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“I’m Sorry” as a Legal Strategy – Does it Work?


In our personal relationships, we often are told of the value of saying “I’m sorry” when we do something wrong. But when it comes to our business transactions, we rarely do that, when in reality, it can often be an important and powerful negotiation technique.

The Emotional Aspect of I’m Sorry

When we are at fault, or even when we are not, but we want to avoid a small problem mushrooming into a big one, “I’m sorry” can go a long way. Many a lawsuit was avoided, just because the at fault party issued an apology. And many small claims became major, contested, and expensive litigation, because of the failure to say sorry when there is a business dispute or some threat of litigation.

Admission of Guilt?

But wait-isn’t “Im sorry” an admission of guilt or liability? Isn’t it harmful to say you’re sorry, for fear that the other side will use that against you?

The answer is no, at least, not in most cases.

One thing that a business can do is apologize, but not for the allegedly offending behavior, but rather for the result.

Saying “I’m sorry I didn’t read the contract and so I didn’t follow it,” is probably something you don’t want to say.

But saying “I’m sorry you’re not happy” or “Im sorry we’re having these difficulties,” or some apology that doesn’t admit anything, is perfectly OK.

Settlement Offers are Inadmissible

Another thing to remember is that attempts to settle a case are absolutely inadmissible as evidence in your case.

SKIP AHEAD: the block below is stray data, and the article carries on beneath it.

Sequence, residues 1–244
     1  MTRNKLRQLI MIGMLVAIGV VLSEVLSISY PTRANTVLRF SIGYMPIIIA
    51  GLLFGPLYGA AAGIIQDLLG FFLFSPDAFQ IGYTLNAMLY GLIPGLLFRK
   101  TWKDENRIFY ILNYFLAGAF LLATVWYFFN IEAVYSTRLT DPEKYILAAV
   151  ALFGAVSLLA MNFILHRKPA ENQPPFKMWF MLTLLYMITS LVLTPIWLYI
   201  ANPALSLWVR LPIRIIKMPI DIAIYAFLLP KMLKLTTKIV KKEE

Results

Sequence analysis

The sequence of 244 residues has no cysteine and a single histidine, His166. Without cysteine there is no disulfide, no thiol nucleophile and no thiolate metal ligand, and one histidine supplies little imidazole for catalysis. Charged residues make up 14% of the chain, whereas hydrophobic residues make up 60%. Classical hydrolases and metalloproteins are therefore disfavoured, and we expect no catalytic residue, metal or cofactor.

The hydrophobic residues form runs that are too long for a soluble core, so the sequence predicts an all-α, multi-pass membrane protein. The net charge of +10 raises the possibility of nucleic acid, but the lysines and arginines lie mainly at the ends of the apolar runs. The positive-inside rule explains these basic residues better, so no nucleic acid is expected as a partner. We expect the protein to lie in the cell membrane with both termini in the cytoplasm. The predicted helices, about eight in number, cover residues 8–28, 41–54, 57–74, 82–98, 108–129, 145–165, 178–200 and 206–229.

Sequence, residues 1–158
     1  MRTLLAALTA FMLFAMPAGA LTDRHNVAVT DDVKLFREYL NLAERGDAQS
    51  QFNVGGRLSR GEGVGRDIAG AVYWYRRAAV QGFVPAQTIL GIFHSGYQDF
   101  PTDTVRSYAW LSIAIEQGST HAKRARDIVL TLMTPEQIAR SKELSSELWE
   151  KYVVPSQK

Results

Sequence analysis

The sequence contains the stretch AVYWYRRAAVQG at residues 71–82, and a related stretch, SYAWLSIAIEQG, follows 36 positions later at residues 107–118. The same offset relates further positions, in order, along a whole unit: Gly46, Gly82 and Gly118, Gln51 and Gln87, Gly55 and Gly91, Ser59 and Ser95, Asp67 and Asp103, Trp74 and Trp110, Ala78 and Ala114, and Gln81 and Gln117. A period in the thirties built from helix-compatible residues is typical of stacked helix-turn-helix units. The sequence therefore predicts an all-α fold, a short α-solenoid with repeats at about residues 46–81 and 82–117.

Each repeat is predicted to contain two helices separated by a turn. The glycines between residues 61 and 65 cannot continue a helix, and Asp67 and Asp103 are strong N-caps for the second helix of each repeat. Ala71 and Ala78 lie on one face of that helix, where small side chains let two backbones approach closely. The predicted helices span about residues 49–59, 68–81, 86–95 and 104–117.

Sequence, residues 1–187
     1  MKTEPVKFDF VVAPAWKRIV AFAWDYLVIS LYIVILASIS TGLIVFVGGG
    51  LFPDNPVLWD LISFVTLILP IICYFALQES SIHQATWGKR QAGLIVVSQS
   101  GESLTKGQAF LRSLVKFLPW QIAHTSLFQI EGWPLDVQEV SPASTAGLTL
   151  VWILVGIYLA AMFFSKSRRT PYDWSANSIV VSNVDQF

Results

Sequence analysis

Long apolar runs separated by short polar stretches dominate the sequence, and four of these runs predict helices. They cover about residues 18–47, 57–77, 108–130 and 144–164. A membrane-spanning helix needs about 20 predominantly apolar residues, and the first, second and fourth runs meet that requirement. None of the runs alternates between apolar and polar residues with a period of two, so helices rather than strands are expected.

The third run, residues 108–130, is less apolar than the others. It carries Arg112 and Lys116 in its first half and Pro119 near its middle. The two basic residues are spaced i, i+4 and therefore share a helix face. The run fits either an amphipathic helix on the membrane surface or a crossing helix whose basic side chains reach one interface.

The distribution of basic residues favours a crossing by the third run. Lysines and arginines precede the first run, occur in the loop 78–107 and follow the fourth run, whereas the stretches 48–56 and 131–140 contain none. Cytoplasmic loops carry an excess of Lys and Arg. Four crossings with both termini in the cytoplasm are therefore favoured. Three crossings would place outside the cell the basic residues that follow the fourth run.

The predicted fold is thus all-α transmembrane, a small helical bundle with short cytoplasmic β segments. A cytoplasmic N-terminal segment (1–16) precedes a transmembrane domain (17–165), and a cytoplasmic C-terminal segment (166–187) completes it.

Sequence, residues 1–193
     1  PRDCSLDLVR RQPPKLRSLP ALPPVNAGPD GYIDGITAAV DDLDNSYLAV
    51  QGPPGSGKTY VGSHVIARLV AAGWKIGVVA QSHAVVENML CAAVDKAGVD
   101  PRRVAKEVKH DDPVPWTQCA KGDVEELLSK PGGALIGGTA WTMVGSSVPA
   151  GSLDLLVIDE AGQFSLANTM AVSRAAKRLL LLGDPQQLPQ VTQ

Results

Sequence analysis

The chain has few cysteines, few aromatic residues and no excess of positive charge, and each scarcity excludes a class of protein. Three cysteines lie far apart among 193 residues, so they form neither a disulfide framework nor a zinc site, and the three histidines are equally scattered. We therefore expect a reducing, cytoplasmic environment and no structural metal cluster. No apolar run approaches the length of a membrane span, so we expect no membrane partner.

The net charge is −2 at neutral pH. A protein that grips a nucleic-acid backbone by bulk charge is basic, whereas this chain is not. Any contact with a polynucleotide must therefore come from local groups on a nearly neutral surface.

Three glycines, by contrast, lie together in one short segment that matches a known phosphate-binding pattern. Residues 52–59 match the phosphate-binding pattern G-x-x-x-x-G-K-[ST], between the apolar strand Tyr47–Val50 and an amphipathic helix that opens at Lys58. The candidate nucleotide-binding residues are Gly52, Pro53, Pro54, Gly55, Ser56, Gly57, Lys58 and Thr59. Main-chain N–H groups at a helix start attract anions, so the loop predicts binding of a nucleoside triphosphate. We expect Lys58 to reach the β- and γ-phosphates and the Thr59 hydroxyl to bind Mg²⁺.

So, saying “I’m sorry, let me offer you a discount to make you feel better,” or something similar, can be construed not as a simple apology, but rather, as an attempt to settle the case, which then cannot ever be used against you.

Accord and Satisfaction

Apologies coupled with offers have another advantage—they can often be used to settle the case, completely, under the terms of that offer, if the offer is accepted.

So, for example, if someone is injured on your property, and you apologize and offer to pay some medical bills, if that offer is accepted, that is the extent of your liability; the acceptance of your “peace offering” (or accord and satisfaction) can be construed as a full and final settlement of all the damages in your case, thus barring the other party from ever suing for more money later on.

Of course, ideally, you would get the acceptance of your offer in writing.

Often, you can simply send a correspondence with an offer—say, a check, or a written offer to do something—and if that is accepted, it may be construed as an accord and satisfaction fully settling the matter under those terms, and thus avoiding further, more significant, liability.

Call the West Palm Beach business litigation lawyers at Pike & Lustig today if you have a legal problem and want the best strategy to get out of it, or to manage it, safely.




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